Celebrated African-American sculptor and printmaker Elizabeth Catlett has died at the age of 96, according to the Associated Press. The artist's daughter confirmed that she died Monday at her home in Cuernavaca, Mexico, where she lived and worked. Just last year Catlett, who was born in Washington, D.C., was honored with an exhibit at the Bronx Museum — and even sat down for a chat with The Root's editor-in-chief, Henry Louis Gates Jr.
From the Associated Press:
Catlett moved to Mexico in 1946, became friends with great Mexican muralist Diego Rivera and others in his circle, and married Mexican artist Francisco Mora.
She became known for her commitment to winning greater rights for blacks, women and workers in the United States and her adopted country. Catlett witnessed almost every important artistic and social movement of the 20th century and traveled in some of the same illustrious circles as the great American artist Jacob Lawrence and poet Langston Hughes.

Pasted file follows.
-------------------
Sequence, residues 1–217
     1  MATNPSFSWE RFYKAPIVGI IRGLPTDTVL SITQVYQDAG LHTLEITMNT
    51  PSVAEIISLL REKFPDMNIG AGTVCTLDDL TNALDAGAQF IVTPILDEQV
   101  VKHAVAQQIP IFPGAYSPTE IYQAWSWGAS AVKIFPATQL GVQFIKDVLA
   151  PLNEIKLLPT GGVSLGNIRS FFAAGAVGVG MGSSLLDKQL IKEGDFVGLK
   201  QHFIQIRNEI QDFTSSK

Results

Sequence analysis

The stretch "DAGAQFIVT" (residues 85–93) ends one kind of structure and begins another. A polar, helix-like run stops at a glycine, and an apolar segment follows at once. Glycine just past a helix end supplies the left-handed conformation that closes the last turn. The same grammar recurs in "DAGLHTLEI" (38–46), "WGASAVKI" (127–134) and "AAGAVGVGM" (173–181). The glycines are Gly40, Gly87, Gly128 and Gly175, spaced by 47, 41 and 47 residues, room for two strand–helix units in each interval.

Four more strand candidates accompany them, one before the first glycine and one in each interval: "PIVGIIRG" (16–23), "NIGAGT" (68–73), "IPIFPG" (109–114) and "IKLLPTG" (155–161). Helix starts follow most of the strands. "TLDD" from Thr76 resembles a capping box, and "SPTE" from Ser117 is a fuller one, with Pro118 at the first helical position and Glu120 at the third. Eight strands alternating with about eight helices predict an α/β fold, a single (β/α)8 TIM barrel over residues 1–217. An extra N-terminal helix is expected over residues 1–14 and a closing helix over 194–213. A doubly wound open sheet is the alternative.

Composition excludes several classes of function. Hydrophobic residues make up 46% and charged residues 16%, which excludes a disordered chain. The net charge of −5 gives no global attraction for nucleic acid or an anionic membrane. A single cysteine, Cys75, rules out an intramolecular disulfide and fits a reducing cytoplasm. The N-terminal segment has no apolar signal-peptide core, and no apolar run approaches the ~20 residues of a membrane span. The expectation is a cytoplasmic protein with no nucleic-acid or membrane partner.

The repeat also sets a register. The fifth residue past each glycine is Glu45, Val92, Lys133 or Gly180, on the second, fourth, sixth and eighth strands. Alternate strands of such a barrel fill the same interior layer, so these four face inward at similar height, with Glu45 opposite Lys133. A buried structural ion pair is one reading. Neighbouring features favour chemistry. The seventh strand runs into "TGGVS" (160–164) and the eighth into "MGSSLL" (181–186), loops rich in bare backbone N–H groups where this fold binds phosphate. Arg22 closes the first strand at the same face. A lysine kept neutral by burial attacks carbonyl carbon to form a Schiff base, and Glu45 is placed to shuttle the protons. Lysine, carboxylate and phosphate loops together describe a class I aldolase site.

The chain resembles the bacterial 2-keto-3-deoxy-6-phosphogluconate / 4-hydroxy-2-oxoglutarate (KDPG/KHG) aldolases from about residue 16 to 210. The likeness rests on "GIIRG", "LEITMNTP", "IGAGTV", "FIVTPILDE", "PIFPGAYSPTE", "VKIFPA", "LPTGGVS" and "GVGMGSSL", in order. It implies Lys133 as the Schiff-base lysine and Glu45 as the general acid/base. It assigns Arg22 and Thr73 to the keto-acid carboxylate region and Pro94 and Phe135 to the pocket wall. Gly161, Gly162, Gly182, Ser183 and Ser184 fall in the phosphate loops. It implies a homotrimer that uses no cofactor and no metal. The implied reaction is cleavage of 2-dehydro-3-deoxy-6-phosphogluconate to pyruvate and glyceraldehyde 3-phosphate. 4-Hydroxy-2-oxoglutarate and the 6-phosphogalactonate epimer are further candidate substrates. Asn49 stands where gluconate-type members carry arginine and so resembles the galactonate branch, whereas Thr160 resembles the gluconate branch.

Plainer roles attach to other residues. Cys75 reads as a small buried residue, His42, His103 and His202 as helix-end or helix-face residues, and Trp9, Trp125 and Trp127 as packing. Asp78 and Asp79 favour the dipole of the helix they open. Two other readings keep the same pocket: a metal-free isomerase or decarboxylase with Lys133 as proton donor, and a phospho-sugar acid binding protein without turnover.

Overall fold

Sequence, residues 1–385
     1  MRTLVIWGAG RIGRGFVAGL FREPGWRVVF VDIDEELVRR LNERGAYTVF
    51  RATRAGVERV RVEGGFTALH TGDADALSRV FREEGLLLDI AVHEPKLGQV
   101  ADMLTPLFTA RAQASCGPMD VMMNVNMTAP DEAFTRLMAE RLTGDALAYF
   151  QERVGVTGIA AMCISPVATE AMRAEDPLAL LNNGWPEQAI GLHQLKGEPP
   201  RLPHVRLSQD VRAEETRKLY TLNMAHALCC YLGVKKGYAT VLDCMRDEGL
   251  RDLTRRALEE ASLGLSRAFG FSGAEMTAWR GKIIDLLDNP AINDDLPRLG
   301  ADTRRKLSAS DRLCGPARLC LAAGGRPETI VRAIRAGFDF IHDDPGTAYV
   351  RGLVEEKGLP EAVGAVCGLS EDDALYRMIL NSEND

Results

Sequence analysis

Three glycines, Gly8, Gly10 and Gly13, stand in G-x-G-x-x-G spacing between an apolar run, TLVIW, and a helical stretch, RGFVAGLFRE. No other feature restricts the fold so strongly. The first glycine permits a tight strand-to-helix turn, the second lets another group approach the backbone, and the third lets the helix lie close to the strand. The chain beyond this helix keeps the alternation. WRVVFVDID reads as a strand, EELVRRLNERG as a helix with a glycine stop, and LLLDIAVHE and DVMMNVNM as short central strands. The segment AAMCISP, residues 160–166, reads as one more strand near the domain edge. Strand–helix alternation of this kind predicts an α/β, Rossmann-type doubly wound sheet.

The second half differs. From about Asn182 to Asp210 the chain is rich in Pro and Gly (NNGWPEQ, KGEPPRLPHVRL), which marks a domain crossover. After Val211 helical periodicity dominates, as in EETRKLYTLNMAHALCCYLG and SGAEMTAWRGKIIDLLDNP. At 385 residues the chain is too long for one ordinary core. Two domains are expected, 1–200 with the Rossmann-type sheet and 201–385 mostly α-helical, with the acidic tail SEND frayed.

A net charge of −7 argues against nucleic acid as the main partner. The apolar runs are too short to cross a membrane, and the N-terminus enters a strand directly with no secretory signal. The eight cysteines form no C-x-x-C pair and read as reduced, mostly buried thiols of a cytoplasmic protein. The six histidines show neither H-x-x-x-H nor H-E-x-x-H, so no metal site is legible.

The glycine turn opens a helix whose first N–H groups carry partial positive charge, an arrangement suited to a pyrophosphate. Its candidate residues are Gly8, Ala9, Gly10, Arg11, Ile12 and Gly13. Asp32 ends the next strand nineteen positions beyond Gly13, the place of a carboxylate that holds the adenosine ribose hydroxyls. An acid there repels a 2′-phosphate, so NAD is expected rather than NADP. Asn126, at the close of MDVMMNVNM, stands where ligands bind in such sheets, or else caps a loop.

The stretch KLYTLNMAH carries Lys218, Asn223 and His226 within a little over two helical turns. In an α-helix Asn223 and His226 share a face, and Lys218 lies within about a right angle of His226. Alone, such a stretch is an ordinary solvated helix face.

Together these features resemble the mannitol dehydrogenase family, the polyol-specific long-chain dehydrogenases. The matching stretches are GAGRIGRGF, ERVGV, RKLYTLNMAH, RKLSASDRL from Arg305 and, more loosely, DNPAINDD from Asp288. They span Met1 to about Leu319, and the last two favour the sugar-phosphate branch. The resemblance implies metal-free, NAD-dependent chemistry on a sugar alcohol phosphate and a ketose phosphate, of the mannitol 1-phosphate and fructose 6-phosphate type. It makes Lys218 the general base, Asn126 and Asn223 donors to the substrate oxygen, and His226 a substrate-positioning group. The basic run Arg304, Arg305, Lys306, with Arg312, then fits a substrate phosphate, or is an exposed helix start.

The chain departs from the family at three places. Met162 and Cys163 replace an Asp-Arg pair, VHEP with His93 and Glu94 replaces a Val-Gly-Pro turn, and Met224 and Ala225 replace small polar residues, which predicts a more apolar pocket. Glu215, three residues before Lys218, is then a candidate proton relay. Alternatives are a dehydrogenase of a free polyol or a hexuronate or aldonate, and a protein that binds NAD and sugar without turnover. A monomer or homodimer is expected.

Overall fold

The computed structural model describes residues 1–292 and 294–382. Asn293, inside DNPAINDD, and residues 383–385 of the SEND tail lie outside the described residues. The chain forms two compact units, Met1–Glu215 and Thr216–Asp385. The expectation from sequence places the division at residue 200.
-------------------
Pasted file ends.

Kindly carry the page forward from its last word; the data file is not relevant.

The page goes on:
She was arrested during a railroad workers' protest in Mexico City in 1958 and in 1962 the U.S. State Department banned her from returning to the United States for nearly a decade.
Working in wood, stone and other natural materials, she produced simple, flowing sculptures of women, children and laborers, and prints of Mexicans and black Americans that she used to promote social justice.
Read more at the Associated Press.
Lauren is a former Deputy Editor of The Root.